NASA is targeting now April 11 for the Ingenuity Mars Helicopter to make the historic first attempt at the powered, controlled flight of an aircraft on another planet.
The decision to push back the date of the launch from April 8 to April 11 was announced by NASA’s Jet Propulsion Laboratory (JPL) in Pasadena, California, on Thursday.
“Come fly with us. #MarsHelicopter is preparing to do something that’s never been done: controlled, powered flight on another planet. Takeoff is now slated for no earlier than April 11, with data arriving on Earth on April 12,” NASA JPL tweeted.
Ingenuity flew to Mars while being attached to the belly of NASA’s Perseverance rover, which made a February 18 touch down on the Red Planet.
Once deployed, Ingenuity will have 30 Martian days, or sols, (31 Earth days) to conduct its test flight campaign.
When NASA’s Sojourner rover landed on Mars in 1997, it proved that roving the Red Planet was possible and completely redefined our approach to how we explore Mars. Similarly, we want to learn about the potential Ingenuity has for the future of science research, – Lori Glaze, Director of the Planetary Science Division at NASA Headquarters
“Aptly named, Ingenuity is a technology demonstration that aims to be the first powered flight on another world and, if successful, could further expand our horizons and broaden the scope of what is possible with Mars exploration.”
Flying in a controlled manner on Mars is far more difficult than flying on Earth.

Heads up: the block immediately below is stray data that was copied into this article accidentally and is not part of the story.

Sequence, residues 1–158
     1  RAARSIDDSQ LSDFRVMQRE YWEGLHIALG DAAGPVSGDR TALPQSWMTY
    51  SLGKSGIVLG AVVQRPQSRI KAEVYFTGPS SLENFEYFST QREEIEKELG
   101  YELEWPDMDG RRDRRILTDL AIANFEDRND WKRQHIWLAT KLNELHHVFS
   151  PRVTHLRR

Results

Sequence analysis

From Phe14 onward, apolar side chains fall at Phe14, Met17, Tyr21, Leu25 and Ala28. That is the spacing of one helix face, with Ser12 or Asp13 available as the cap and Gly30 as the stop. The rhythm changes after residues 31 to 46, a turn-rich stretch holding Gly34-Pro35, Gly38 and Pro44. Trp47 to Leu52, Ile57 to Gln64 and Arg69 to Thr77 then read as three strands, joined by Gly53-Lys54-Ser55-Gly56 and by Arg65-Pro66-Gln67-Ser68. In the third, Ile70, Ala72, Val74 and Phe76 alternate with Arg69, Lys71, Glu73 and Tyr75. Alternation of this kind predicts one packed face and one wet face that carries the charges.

The Red Planet has significant gravity (about one-third that of Earth’s), but its atmosphere is just 1 per cent as dense as Earth’s at the surface.
During Martian daytime, the planet’s surface receives only about half the amount of solar energy that reaches Earth during its daytime, and nighttime temperatures can drop as low as minus 90 degrees Celsius, which can freeze and crack unprotected electrical components.
To fit within the available accommodations provided by the Perseverance rover, the Ingenuity helicopter must be small.
To fly in the Mars environment, it must be lightweight. To survive the frigid Martian nights, it must have enough energy to power internal heaters.
The system — from the performance of its rotors in rarified air to its solar panels, electrical heaters, and other components — has been tested and retested in the vacuum chambers and test labs of NASA’s JPL in Southern California.
“Every step we have taken since this journey began six years ago has been uncharted territory in the history of aircraft,” said Bob Balaram, Mars Helicopter Chief Engineer at JPL.
“And while getting deployed to the surface will be a big challenge, surviving that first night on Mars alone, without the rover protecting it and keeping it powered, will be an even bigger one.”
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